It goes without saying that UK producer Duke Dumont has hit his stride in the past year. After receiving global acclaim for his pair of releases on Tiga’s Turbo Recordings, Duke realized that original material was going to be imperative to his burgeoning career, and he hit the studio to produce what became the #1 single in the UK, “Need U (100%)”. Along with widespread recognition for his productions, Duke Dumont has garnered a demand for DJ sets around the world (including HARD Summer next month here in Los Angeles).

Your increased focus on original music in 2012 has resulted in a massive rise in popularity over the past year or so. What has been the biggest change in your life this past year because of this success?

Without a doubt the biggest change is the time I’ve been on the road touring. Touring is the fruits of the effort I put in, in the studio, so it only exists because of the music I’ve recorded. Getting the balance right is vital to have longevity moving forward.

I remember reading in your Fact Magazine interview that Chicago had a longstanding impact on you musically. Who were some of the people you idolized from the Chicago scene when you first started out?

For sure. I started making music when I was about 15yrs old, when UK garage had its first wave. A lot of UK garage and Chicago house went hand in hand at the time. Acts like Todd Edwards and Roy Davies Jr were staples within the UK garage fraternity back then. And other acts from Chicago like Cajmere and Paul Johnson really inspired me to make club music.

You’ve incorporated a vocal, Pop vibe to tracks like “Need U (100%)” and most recently “Hold On.” What is your process with finding vocalists and collaborators on these kind of productions?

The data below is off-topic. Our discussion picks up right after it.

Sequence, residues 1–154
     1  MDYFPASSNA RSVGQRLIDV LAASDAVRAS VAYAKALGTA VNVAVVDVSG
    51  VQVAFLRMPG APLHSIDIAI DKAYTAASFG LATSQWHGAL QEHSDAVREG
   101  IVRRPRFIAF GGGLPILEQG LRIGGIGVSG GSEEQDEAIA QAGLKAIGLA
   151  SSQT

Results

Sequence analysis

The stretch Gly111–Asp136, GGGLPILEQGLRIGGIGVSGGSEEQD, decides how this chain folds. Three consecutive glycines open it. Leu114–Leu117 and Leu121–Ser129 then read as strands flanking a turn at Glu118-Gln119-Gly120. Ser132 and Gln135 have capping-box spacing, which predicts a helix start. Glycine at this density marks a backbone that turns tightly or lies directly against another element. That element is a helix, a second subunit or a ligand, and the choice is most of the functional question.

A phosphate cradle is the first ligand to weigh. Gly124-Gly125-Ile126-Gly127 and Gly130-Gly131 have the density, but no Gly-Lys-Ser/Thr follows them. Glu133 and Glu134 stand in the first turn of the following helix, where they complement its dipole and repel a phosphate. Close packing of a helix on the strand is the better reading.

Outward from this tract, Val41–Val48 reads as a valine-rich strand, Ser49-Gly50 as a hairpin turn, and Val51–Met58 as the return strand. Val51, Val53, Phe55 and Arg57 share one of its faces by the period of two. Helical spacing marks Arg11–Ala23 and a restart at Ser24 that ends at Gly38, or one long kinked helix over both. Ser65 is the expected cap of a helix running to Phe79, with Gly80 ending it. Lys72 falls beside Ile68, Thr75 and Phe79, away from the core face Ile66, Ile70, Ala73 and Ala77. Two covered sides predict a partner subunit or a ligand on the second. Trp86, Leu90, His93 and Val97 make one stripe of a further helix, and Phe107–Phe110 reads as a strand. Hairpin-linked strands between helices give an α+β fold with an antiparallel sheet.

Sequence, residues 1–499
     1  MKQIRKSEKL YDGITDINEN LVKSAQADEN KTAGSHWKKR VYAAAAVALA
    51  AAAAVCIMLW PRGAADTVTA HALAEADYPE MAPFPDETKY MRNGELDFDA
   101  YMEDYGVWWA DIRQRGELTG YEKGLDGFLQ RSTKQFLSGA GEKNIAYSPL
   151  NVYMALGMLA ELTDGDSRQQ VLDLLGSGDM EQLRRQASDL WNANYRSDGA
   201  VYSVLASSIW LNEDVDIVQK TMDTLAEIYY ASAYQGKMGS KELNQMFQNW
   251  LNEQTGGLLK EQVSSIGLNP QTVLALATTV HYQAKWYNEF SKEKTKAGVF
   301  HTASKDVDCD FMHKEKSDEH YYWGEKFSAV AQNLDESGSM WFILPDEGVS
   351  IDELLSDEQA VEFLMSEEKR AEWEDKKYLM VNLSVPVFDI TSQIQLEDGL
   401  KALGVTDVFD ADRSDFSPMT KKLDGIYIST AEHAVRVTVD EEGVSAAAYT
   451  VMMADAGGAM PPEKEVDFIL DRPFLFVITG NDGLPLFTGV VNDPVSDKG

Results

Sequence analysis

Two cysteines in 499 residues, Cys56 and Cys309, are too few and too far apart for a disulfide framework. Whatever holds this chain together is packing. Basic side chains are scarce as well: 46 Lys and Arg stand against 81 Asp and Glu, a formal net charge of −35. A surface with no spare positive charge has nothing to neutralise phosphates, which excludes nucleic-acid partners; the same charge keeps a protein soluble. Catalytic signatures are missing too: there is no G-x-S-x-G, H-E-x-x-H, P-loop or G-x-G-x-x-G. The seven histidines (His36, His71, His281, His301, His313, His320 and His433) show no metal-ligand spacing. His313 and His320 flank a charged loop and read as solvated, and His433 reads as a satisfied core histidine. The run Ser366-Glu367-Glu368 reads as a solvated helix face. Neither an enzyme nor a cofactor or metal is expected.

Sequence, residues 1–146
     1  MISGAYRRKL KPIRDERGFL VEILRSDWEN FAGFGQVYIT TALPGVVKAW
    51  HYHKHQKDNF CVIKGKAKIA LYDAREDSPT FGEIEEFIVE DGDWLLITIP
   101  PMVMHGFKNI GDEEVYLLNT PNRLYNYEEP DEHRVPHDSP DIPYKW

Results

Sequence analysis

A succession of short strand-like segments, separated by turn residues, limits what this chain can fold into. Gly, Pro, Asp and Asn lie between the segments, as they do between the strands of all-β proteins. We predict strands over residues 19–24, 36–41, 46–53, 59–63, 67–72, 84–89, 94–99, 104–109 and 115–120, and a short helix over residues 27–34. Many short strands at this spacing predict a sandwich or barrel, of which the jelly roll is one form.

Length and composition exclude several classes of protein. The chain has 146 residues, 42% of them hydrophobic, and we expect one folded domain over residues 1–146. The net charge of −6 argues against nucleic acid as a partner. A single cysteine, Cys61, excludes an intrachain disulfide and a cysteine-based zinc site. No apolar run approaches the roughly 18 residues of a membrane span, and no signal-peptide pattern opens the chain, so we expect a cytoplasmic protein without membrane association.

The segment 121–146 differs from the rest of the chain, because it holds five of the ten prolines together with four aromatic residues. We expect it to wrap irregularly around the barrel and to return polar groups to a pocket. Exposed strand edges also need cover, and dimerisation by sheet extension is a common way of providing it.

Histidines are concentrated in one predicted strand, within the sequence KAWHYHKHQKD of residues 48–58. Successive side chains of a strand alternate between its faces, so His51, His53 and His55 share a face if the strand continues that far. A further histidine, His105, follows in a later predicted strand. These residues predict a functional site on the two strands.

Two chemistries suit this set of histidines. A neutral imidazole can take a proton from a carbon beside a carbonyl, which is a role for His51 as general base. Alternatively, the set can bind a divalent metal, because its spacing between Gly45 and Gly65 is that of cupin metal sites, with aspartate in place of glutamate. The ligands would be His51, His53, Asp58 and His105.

At the moment, there are a lot of talented vocalists in the UK, so I don’t have to look too far afield. My goal is to work with singers who can give a soulful performance. I grew up listening and being inspired by a lot of Motown, and Stax records. So having soul and emotion in my recordings is paramount to me.

With a lot of commercial “House” flooding the radio airways in the US in recent years, do you see your music providing a more tasteful alternative as a crossover between Pop and Dance music for the masses?

Need U was an unintentional crossover. It’s not for me to say it is a tasteful alternative, or not. I record the best music I can record. That’s my full focus. Where it is placed in the pop music landscape isn’t on my radar of thoughts, but I’m glad the music is connecting with people.


Tell us a bit about the ethos behind Blasé Boys Club. We know it’s a label but you also use the name for remixes as well?

Initially I’m releasing my own material, but over time, the roster will expand. But there is no rush. It’ll be an organic process, and not a forced one. I want to create a fraternity vibe to it, hence the name. Hopefully I can give some talented artists a platform to have a successful career within music.

We read a while back about your studio time in 2011 in the countryside in Hertfordshire. Do you still need to get away from temptations and distractions of London to really focus on your music, or is that something that you’ve overcome at this point?

Yes. It’s even more so relevant now, being busy touring . Djing can be crazy, so a place to retreat and decompress is essential for me. Recording is the remedy to djing.

What can you tell me about the new music?

I’ve had a couple of goals on the album. One of them is to work with the best singers, not necessarily the most famous singers. It’s not gonna be like a celebrity roll-call of pop singers. For me, it’s trying to find the best vocalists to do the best job.

My favorite electronic album ever made is Daft Punk Discovery. Everybody remembers “One More Time” and “Digital Love,” but for me the downtempo tracks, like “Face to Face,” they’re the tracks that push my buttons. I hope my album has that same quality to it. There’s going to be a lot of dynamic in the album.

It sounds like Discovery was a big influence on your upcoming album.

I think the influence for this album is just me doing my thing now, becoming my own person. That album was a big influence; it’s what got me interested in dance music.

What’s your worst nightmare, and have you ever experienced it in real life?

My worst nightmare was literally a nightmare I had years ago I still remember. I was being chased by Ronald McDonald, but it was the evil version of Ronald McDonald because he had green hair, which means it’s the bad Ronald McDonald. He was chasing me on the train tracks in Spain, trying to kill me. It hasn’t happened to me in real life. I think subconsciously, it’s telling me to lay off the burgers.


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